When I was 14, my best friend got her first boyfriend.
I asked her what it was like. She replied: â€˜The best thing ever.â€™
Two weeks later, the relationship ended and my friend swore off boys until the next youth disco, but I was hooked on love from that moment.
Looking back, it was inevitable that I would fall hard for romance because our society is obsessed with being in love.
At 14, I was convinced I would never find true happiness until romance entered my world. To me, it seemed like pure magic. And thatâ€™s a hard belief to shake.
Despite the love we have for our families, our friendships, our creative pursuits, and all the other aspects of life that we can adore, it is romantic love that is considered elite â€“ it is what we are all supposed to be aiming for.
Romantic love is the heartbeat of songs, books, poems, art, films, and even reality TV. Just take a look at the most popular elements of pop culture from the last few years.
Love Island pedals a commercialised version of romantic connection as its main selling point. Every year, for the whole summer, millions become addicted to matters of the heart in Majorca, even though it has nothing to do with us.
Amazon Primeâ€™s Modern Love â€“ which has just released its second season â€“ depicts all aspects of love, in all forms, but the romantic type always feels like the main agenda.
Normal People, the best-selling book and subsequent TV series by Sally Rooney, is a discerning look at social class and sexual desire, but at its heart itâ€™s a love story.
Readers and viewers may not have connected with the story so intently if it werenâ€™t for the â€˜will they/wonâ€™t theyâ€™ mouse chase of the two protagonists.
We wanted them to be together to be complete and whole and safe â€“ because they could never be those things on their own.
But in 2021, when societyâ€™s expectations no longer suffocate as much as much as they used to, and men and women have more authority over their lives, why are we still so obsessed with being in romantic love?
â€˜First of all, itâ€™s science,â€™ sex and dating expert Asa Baav tells Metro.co.uk.
â€˜Secondly, it is hard to ignore the traditional societal ideals and expectations when it comes to meeting the one and settling down as the thing you do on your journey into adulthood.
â€˜And thirdly, when it comes to love, we are heavily influenced by what we see and read in the media. We start to consume it from a very young age through life, just look at Netflix, every day there is a new show popping up about romance.â€™
With mainstream reality media now depicting the search for love almost exclusively through those in their twenties, the pressure is growing stronger.
â€˜They place so much emphasis on younger people of all genders falling in love,â€™ explainsÂ relationship psychotherapist Heather Garbutt.
â€˜This gives the unhelpful message that an individual couldnâ€™t possibly be happy without being in a loving relationship.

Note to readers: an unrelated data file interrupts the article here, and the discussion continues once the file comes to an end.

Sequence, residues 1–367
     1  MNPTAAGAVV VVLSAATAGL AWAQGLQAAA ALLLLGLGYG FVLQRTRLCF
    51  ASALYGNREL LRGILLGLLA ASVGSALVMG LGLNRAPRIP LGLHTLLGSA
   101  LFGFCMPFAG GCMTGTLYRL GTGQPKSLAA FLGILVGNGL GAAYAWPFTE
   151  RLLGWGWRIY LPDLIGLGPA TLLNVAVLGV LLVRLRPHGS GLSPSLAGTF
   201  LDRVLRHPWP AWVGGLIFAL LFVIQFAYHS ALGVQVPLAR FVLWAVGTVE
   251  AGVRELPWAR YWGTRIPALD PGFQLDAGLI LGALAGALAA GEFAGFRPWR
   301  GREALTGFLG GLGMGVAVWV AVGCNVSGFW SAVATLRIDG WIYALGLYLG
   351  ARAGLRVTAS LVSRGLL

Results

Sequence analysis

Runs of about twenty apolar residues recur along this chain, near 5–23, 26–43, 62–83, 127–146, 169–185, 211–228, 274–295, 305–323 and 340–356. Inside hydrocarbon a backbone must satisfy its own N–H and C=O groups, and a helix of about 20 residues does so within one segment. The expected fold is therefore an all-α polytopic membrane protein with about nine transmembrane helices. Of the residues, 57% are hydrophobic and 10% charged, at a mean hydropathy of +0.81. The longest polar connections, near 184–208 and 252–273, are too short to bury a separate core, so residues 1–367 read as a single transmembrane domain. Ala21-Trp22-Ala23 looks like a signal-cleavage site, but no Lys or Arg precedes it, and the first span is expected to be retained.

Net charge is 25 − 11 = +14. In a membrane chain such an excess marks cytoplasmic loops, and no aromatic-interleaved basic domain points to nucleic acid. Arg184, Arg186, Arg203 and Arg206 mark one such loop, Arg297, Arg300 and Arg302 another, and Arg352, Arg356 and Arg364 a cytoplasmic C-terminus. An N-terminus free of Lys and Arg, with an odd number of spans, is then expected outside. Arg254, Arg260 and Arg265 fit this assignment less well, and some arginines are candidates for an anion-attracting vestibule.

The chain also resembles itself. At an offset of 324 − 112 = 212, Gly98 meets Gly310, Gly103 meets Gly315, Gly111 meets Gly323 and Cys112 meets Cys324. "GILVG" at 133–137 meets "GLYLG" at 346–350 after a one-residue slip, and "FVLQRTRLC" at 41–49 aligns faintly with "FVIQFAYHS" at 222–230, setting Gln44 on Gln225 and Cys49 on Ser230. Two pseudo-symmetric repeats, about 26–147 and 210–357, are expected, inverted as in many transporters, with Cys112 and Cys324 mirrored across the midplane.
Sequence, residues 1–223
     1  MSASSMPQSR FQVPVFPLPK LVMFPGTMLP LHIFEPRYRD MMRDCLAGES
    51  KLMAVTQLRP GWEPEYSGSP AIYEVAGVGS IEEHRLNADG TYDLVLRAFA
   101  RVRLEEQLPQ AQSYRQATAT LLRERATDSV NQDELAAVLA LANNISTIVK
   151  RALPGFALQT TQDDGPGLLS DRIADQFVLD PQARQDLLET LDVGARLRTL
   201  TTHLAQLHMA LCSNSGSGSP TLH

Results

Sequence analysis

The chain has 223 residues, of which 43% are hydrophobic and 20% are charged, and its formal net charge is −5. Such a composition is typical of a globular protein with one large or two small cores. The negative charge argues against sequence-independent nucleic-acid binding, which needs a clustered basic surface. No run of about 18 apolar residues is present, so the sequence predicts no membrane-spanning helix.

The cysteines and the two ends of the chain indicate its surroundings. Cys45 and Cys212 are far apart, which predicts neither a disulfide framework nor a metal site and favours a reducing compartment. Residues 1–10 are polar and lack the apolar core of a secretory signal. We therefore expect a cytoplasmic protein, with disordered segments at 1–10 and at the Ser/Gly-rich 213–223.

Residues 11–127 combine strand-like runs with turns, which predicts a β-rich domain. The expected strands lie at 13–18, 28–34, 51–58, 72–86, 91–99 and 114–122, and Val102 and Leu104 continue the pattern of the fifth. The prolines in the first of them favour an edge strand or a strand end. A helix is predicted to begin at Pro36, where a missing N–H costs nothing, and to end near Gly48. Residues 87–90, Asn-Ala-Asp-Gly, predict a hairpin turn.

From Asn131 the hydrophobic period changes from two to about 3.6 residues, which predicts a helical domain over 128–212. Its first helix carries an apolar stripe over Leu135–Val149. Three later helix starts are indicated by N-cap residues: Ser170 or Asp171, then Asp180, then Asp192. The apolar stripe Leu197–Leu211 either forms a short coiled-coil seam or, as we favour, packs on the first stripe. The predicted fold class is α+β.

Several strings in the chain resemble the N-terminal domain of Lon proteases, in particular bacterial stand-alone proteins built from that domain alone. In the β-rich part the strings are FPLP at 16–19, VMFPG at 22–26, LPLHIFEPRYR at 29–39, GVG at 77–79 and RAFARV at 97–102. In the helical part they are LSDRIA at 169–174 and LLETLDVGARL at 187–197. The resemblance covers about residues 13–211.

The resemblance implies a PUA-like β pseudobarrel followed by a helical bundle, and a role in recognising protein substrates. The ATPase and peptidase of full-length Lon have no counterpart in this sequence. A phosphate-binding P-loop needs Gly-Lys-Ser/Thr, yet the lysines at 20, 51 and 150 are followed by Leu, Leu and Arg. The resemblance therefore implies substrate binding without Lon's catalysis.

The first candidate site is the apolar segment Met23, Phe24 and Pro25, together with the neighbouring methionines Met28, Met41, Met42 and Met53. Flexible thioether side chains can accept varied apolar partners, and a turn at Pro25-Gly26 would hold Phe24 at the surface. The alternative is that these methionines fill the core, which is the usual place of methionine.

â€˜Programmes such as Love Island, Naked Attraction and Too Hot To Handle have all contributed to the idea of a happy-ever-after lifestyle, rather than teaching the importance of self-love, personal boundaries and fulfilment.â€™
Many people will attest to staying in unhappy relationships because they percieve it as better than being alone. Heather says our obsession with romantic partnerships can very often lead to this behaviour.
â€˜We can feel so much pressure to be in a loving relationship that we fool ourselves,â€™ she notes.
â€˜Then we begin making excuses for the other personâ€™s bad behaviour or telling ourselves being in a bad relationship is better than being in no relationship at all. We persuade ourselves that weâ€™re in love and the other person loves us, even if behaviour and events point to the contrary.â€™
Itâ€™s a cliche, but to be truly fulfilled and happy in love, other areas of life should be just as satisfied. Heather says love and joy can be discovered in a myriad of places.
â€˜Instead of becoming preoccupied with the notion of falling in love and enjoying the stimulus this provides, we should look at other areas,â€™ Heather advises.
â€˜Who are the friends and family who make us feel good about ourselves? What activities bring us happiness? We need to look inwards to gain insight into our personalities. How can we trigger gleeful emotions in our own life without depending on anyone else?
â€˜By learning that we alone are responsible for generating the emotions we experience, it becomes easier to manage difficult emotions if and when future relationships break down.
â€˜Instead of becoming consumed by bitterness, anger and grief, we can then remember how to live well without the pressure of romance and move on more quickly and effectively.â€™
While we may unearth completeness in other realms of existence, a part of us will always crave unwavering devotion.
That itâ€™s not necessarily a bad thing.
â€˜We have a deep desire for belonging and the sense of togetherness leaves us drawn to sharing moments and experiences with the one we love and cherish,â€™ Asa explains.
â€˜This is natural and we all want to experience it, but for me, we need to get clear on what love looks like to us and understand what will work based on life goals, needs, and desires.â€™
She continues: â€˜We grow up thinking that the only relationship template is the forever love, having children, and being in a monogamous relationship, but something we have seen more and more is the appetite and curiosity for people to explore their journey navigating love and relationships.
â€˜Exploring and expressing our actual wants and needs requires honesty, open communication, respect, and the recognition that one person can never meet all of our needs.
â€˜And I think, in love, this is a healthy way forward.â€™